HELENA — The U.S. Supreme Court has declined to hear Montana’s appeal of a federal court decision that struck down the state law banning political parties from endorsing nonpartisan judicial candidates.
The high court’s decision, issued without comment Monday, means the Montana ban is unconstitutional and that political parties can endorse judicial candidates here and publicize those endorsements.
“The U.S. Supreme Court is simply ordering Montana to follow the same law regarding judicial elections that the other 49 states follow,” said Matthew Monforton, the Bozeman attorney representing the Sanders County Republican Central Committee, which brought the lawsuit challenging the ban.
Attorney General Tim Fox had asked the U.S. Supreme Court to hear an appeal of the August 2013 decision by the 9th U.S. Circuit Court of Appeals voiding the Montana law.
The state said the appeals court made a rushed decision based on an incomplete record. It asked the Supreme Court to void that ruling and send the case back to the lower courts to develop a record “to guide judicial decision-making regarding constitutional issues of fundamental importance to the people of Montana.”
On Tuesday, John Barnes, a spokesman for Fox, said Fox is concerned about a “growing trend of federal courts invalidating any state law without allowing states to defend them.”
Fox also argued to the Supreme Court that Montana has a compelling interest in maintaining an independent, impartial and nonpartisan judiciary, and that allowing political parties to make endorsements would turn judicial elections into partisan affairs.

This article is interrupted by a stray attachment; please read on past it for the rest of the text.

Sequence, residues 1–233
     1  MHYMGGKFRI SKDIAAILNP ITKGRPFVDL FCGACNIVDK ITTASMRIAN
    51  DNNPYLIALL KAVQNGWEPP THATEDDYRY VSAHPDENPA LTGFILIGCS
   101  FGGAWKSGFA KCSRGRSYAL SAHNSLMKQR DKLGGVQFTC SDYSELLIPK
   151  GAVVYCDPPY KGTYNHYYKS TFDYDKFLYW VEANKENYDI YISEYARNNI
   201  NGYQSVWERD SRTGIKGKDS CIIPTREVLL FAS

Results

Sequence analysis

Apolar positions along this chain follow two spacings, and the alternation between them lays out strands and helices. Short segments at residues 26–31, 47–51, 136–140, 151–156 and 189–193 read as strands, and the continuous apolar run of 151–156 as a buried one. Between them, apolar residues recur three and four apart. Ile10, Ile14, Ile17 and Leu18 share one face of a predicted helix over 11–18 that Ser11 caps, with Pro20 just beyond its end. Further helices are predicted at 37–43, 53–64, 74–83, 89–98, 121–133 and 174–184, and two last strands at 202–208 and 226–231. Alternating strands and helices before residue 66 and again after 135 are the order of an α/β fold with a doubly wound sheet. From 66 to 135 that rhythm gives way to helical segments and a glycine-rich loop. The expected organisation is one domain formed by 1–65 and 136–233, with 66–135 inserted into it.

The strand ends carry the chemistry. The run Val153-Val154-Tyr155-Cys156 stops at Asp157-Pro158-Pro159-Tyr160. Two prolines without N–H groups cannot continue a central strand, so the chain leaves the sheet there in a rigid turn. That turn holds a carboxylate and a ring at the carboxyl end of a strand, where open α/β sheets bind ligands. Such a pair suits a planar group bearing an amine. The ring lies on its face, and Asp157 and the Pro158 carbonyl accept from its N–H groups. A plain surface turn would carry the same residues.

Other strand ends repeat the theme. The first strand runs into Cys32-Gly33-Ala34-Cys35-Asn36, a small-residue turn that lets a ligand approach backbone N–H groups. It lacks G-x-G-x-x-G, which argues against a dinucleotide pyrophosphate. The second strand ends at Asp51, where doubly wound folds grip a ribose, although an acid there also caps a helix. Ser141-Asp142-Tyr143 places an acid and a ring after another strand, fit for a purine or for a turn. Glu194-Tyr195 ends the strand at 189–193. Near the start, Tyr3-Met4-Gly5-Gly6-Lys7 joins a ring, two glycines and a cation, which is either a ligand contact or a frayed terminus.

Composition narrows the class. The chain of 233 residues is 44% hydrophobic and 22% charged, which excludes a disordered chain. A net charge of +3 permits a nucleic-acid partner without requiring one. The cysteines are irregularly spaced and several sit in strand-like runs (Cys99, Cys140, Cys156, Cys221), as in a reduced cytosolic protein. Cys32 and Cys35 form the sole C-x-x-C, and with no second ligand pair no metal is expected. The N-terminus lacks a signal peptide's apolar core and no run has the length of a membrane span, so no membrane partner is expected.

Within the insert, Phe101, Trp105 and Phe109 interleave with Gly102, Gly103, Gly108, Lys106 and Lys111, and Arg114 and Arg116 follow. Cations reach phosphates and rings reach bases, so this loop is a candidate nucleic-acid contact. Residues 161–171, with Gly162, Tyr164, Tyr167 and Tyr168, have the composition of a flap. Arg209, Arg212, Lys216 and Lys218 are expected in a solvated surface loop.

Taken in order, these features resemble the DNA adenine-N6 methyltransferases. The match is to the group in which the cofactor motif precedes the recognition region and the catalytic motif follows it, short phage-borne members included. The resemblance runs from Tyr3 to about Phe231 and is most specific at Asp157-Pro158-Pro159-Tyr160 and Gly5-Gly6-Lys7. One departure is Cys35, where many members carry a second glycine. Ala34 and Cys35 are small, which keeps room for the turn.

Monforton disagreed Tuesday: “The idea that Montana judicial elections will be harmed by First Amendment principles that apply in the other states is ridiculous.”
The Sanders County Republican Central Committee challenged the ban in May 2012, saying it wanted to endorse nonpartisan candidates running for the Montana Supreme Court and the 20th Judicial District that year.
In its lawsuit, the group said it was concerned about “the increasing intrusion by left-leaning judges into areas of policy traditionally reserved to the Legislature,” and that it should be able to publicly identify and endorse judicial candidates it felt would counter that trend.
The group argued that Montana’s ban on political party endorsements of judicial candidates violated free-speech rights.
U.S. District Judge Charles Lovell of Helena initially ruled against the Republican group, saying Montana had a right to set the rules for its own judicial elections and keep them nonpartisan.
The Sanders County group appealed to the 9th Circuit Court, which overruled Lovell and said the endorsement ban violated the First Amendment right to free speech.
While the appeals court struck down Montana’s ban on political party endorsements in judicial races, it left intact the state ban on political parties giving money to judicial candidates’ campaign funds.
The U.S. Supreme Court agrees to hear only a tiny fraction of the requested appeals from lower court rulings. The Montana case was one of nearly 500 that the court on Monday declined to hear, without comment.